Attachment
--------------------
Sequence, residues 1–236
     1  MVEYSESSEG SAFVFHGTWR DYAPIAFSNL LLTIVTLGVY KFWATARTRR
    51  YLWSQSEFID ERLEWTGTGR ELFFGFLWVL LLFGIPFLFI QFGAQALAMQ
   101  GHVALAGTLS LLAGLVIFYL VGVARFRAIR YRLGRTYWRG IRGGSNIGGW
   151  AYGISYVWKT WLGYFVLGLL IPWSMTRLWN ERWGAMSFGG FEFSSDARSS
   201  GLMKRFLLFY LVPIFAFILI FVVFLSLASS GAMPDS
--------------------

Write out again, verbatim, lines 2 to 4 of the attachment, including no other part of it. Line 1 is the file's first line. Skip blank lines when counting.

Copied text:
     1  MVEYSESSEG SAFVFHGTWR DYAPIAFSNL LLTIVTLGVY KFWATARTRR
    51  YLWSQSEFID ERLEWTGTGR ELFFGFLWVL LLFGIPFLFI QFGAQALAMQ
   101  GHVALAGTLS LLAGLVIFYL VGVARFRAIR YRLGRTYWRG IRGGSNIGGW